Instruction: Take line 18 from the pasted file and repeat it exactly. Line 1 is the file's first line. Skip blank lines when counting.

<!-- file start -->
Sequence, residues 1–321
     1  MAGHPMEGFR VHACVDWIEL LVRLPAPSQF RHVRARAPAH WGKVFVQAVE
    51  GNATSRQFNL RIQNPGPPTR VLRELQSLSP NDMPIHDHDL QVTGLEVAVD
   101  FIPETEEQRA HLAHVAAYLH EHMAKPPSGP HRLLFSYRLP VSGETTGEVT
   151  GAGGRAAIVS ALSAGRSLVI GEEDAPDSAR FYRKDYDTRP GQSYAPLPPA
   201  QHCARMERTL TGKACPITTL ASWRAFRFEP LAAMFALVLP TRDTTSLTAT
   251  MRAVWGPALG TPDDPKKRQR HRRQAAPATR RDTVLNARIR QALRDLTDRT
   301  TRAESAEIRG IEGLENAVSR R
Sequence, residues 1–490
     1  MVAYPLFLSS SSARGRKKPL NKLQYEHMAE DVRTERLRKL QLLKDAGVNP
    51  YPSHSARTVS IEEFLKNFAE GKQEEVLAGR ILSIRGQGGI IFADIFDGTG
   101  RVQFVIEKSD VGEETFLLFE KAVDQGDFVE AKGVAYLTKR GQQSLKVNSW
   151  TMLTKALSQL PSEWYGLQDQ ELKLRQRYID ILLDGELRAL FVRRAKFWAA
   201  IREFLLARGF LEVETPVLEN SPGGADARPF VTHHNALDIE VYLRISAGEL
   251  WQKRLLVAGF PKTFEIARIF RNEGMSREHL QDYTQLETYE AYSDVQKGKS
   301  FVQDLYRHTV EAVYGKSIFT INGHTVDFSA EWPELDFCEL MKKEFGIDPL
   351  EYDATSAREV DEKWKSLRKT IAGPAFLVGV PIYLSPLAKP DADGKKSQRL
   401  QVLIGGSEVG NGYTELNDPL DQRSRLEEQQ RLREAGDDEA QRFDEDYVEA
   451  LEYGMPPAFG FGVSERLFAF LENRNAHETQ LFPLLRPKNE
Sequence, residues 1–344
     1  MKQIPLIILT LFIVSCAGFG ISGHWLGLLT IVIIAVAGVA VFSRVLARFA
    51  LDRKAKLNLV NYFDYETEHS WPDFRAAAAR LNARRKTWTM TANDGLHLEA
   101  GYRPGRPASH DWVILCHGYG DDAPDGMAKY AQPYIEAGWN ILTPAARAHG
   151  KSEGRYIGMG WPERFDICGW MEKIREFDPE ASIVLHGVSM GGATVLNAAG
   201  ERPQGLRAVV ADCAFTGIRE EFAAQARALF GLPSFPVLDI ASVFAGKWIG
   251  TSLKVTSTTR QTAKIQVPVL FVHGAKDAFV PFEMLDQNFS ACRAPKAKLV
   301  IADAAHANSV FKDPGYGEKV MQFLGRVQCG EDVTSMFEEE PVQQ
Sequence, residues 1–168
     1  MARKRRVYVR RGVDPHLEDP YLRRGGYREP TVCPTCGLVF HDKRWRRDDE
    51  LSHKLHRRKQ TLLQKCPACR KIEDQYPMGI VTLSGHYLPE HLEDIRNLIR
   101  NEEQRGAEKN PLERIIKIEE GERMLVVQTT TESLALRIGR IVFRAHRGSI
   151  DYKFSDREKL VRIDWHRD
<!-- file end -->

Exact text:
   401  QVLIGGSEVG NGYTELNDPL DQRSRLEEQQ RLREAGDDEA QRFDEDYVEA